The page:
Review: Taylor Swift to ‘fearlessly’ re-release old albums


Gianna Galante

In a graphic created by Neena Sidhu and Gianna Galante, all of Taylor Swift’s album covers are featured. All album covers are courtesy of Taylor Swift’s publishers. “The lyrics are really impactful as well, depicting a relationship she can’t get over,” writer Gianna Galante said. “It was very well written in our opinion.”

Neena Sidhu and Gianna Galante


Growing up, people around us either had a soft spot or a hatred for Taylor Swift. Middle ground couldn’t be found in terms of liking her or her music. However, whether we agree or disagree, one bond exists: growing up by her side.

For the past 15 years, Swift has grown her popularity and media attention through multiple scandals, mixing genres and nine albums – not to mention the 32 Grammy Award nominations and 11 wins. Once again, she is making headlines for upcoming releases of re-recorded versions of her older albums – and some new tracks – set to come out this Friday, April 9, in order to gain artistic rights back from her record label.

These albums are being re-recorded and produced because of a battle about the artistic and producing rights between Swift and her record label of 13 years, Big Machine Label Group. Swift had called out Scooter Braun, who had released an album with older live performances without her permission on behalf of the label. We think gaining these rights back will help Swift renew herself and her brand. 

Besides the legal battle, the publicity being created from these albums will be a good redemption for Swift after the drama and controversy with Kanye West at the 2009 Video Music Awards. At these VMAs, Swift won best female video at the MTV Video Music Awards for “You Belong With Me.” During her acceptance speech, West came onto the stage and announced that Beyonce should have won instead. We think that isn’t right on Kanye’s part because it was just so unnecessary. In years following the incident, interviews on live TV, songs written and phone calls leaked, which all kept provoking the feud. These re-released albums will help people remember to love and relate to the music they hear no matter their opinions on Swift.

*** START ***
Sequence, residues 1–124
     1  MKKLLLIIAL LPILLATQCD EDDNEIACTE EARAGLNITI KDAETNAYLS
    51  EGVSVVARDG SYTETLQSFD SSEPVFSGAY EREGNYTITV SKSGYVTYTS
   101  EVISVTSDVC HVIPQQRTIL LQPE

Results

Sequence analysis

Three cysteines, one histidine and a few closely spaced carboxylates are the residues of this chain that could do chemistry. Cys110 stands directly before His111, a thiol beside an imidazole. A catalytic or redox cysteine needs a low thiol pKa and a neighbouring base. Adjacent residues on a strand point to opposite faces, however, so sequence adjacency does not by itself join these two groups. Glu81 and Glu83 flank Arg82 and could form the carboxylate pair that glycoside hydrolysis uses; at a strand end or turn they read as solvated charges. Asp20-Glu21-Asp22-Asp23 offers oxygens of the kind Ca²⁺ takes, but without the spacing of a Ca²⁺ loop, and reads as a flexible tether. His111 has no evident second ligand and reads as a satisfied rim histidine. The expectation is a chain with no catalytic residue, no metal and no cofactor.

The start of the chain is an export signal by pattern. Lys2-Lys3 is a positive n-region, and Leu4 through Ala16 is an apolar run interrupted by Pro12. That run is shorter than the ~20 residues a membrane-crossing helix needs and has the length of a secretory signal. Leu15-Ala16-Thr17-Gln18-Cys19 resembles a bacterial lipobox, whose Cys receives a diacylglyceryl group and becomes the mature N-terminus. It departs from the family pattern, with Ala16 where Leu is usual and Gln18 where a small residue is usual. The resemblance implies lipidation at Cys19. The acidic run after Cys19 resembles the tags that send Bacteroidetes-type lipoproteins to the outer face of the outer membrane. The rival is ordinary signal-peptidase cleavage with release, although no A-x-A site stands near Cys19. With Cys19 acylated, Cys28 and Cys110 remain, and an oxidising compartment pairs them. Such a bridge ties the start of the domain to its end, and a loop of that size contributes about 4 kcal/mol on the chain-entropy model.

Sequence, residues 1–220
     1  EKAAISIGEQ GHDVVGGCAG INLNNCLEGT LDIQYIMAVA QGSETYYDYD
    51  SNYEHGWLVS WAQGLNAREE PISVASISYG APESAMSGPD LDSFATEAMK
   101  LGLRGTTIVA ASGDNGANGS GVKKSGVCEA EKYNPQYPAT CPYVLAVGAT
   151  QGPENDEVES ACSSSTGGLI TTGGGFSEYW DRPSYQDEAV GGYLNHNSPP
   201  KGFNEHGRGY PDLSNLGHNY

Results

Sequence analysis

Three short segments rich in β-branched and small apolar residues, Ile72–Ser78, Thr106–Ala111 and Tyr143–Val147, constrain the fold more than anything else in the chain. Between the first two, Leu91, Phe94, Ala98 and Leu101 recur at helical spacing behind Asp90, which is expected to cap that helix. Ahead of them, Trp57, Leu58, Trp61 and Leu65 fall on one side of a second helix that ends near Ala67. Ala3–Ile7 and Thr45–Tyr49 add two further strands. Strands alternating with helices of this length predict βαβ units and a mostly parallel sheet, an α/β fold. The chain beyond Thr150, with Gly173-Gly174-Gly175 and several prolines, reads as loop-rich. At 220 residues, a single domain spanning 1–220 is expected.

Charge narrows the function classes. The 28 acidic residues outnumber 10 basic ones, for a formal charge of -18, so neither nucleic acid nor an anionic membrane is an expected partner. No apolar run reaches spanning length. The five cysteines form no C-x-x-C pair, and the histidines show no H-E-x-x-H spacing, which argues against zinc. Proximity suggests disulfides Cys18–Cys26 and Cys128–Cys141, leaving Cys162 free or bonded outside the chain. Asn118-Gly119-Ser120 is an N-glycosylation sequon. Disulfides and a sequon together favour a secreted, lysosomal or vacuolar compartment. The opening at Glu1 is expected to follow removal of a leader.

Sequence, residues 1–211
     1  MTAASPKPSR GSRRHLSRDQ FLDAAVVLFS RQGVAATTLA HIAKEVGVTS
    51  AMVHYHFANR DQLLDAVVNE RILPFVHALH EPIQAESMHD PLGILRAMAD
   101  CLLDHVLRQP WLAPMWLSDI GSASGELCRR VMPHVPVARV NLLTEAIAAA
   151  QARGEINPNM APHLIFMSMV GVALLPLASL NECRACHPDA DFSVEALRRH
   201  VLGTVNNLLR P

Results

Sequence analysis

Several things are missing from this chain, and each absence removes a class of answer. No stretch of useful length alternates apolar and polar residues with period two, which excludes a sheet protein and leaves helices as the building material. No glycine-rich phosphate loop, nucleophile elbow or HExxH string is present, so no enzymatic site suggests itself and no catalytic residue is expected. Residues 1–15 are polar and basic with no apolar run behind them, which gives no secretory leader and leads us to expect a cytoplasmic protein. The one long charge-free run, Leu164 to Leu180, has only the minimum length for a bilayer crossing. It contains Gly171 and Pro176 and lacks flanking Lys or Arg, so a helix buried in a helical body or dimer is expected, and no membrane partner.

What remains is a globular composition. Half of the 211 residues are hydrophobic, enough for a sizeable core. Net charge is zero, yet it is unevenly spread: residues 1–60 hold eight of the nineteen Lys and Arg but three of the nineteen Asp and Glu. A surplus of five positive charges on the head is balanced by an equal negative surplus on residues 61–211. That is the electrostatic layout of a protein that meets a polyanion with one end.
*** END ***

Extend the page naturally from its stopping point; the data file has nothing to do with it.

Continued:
Swift announced on her Instagram that the first “From the Vault” song she released March 25 would be called “You All Over Me.” The track features a tune that sounds a lot like her old country songs, so hearing her matured voice sing in the way she used to when she was a teenager was something we really liked. The lyrics are really impactful as well, depicting a relationship she can’t get over. It was very well-written. It completely fits the vibe of Fearless, and it was nostalgic to hear that side of her music.

Swift already released “Love Story (Taylor’s Version),” which is the same as the original, except she now owns the full rights to it and has re-recorded the entire song. At the first listen, it sounds the same, but once we listened again, the vocals were more mature and it sounded better overall because of the higher quality. After listening to it, we are looking forward to hearing the rest of the original “Fearless” album as a chance to hear a new sound to old songs.

Swift’s other most recent albums, “Evermore” and “Folklore,” are more of a mix of folk-pop and country genre and similar to the original recordings of “Fearless” and “Speak Now,” versus the upbeat vibe of “Lover,” “Reputation” and “1989,” which were less popular among fans, including ourselves. We liked the older music because it was easier to relate to, especially as we get older. We also just liked her older style of music, not the “Lover” pop style. Hearing the older style of music will be refreshing and give a sense of renewal. 

Since Swift’s fans are usually teenagers and millennials, they listened to the albums that are being re-recorded during their childhood. Because of this, many people will give these a listen out of nostalgia because it is something from years ago. For example, hearing “Never Grow Up” during elementary school was something we didn’t fully understand, but hearing it re-released in high school feels especially nostalgic.

“My version of ‘Fearless’ will have 26 songs on it because I’ve decided to add songs from the vault, which are songs that almost made the ‘Fearless’ album, but I’ve now gone back and recorded those so that everyone will be able to hear not only songs that made the album but the songs that almost made it,” Swift said in an interview with Variety. “The full picture.”

The announcement of re-releases has everyone excited, and us, too.